Re: [RFC] [Stacking v4 3/3] Cleaned up stacker patch

From: Serge Hallyn (serue@private)
Date: Mon Dec 06 2004 - 15:01:59 PST

On Mon, 2004-12-06 at 11:44 -0500, Stephen Smalley wrote:
> - When would we not want stacker to short circuit processing upon
> encountering an error from any security module for hooks that return
> error codes?  The rationale in the comments is that some modules may
> change state when called, but the question is whether any such state
> update should occur when the operation is going to fail anyway.  In the

True.  If noone has an example of a pair of modules which would actually
want to use the shortcircuit_restrictive=0 option (I don't) I will get
rid of that code.

> - The last point highlights another issue if we were to try to stack
> capabilities and SELinux via stacker rather than via SELinux
> secondary_ops: we presently apply different orderings for capget and
> capset_set than for other hooks.  Possibly reflects a more basic problem
> in the capset code and hooks; capset_check is supposed to handle
> security checking while capset_set is supposed to just update state, but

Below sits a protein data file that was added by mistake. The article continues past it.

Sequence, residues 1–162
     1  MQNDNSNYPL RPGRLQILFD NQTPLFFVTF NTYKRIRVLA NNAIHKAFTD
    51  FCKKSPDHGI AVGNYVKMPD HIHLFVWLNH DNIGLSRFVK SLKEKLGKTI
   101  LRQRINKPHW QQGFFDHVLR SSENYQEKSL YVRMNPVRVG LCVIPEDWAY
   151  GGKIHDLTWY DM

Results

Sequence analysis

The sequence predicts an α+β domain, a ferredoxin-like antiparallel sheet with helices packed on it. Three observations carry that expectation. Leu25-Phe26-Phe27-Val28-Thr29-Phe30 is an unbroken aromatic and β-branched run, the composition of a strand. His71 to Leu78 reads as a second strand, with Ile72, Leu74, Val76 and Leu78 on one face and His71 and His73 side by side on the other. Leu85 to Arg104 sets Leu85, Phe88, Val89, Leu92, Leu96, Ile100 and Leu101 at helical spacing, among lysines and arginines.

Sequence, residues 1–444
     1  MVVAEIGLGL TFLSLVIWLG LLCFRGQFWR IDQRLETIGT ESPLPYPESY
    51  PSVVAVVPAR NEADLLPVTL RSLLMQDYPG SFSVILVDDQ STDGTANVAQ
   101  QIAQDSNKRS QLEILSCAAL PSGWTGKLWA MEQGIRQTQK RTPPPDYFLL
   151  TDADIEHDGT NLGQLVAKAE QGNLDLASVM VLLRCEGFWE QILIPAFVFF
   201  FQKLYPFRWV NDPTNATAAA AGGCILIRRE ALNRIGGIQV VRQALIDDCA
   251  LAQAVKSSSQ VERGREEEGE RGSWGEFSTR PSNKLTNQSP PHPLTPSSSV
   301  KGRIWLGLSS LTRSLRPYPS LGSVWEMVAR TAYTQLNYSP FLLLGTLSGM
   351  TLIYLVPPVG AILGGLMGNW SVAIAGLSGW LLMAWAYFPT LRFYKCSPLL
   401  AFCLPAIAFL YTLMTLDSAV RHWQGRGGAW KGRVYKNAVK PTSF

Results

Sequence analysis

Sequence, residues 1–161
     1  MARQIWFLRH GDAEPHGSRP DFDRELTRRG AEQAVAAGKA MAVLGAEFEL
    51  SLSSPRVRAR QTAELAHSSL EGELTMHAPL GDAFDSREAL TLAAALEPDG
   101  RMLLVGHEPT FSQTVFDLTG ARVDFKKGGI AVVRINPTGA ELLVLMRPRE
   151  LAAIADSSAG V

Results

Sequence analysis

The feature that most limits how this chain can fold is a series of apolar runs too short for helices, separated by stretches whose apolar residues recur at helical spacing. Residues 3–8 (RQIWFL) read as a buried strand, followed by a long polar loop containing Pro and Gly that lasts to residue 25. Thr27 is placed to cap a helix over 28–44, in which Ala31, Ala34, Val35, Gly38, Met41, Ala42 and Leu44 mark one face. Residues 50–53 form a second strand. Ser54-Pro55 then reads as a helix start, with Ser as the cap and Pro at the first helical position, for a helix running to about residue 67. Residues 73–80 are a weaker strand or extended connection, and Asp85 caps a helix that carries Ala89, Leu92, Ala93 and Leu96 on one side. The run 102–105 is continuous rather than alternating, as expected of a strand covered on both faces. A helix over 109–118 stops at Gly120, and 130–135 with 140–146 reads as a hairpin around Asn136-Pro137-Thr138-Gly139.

> we often don't have the specific target task in capset_check, so
> capset_set has to apply a check too for completeness.  Also, looking at
> the core kernel, it looks like capset_check isn't serving a useful
> purpose anymore, as the core kernel is applying the same checks
> directly.  capget may not be a real issue, as it is only getting the
> bits into a kernel data structure and will not copy to userspace if we
> returned an error.  Possibly need two separate hooks at the same points
> where capset_set is presently being invoked to cleanly separate
> permission checking hooks from state update.

I need to investigate this further...

> - It seems like the alloc_security hooks are a problem for stacker,
> because you could have one or more modules succeed in allocating the
> security state before one fails, and the core kernel doesn't call the
> free_security hook upon an error from the alloc_security hook, as it
> reasonably assumes cleanup of any partially allocated state prior to the
> hook returning.  Either the stacker needs to internally call the
> free_security() hooks for all modules that returned success from
> alloc_security() to cleanup, or the core kernel needs to be changed to
> always call free_security() after any call to alloc_security(), even if
> it failed.

A very good point.  I will put this in stacker for now.  I can't think
of any reason why this would be useful to any case which was not using
stacker, and calling free_security() after a failed alloc_security()
could cause existing LSMs to Oops...  Does anyone think the alternative
would be better?

Serge Hallyn <serue@private>

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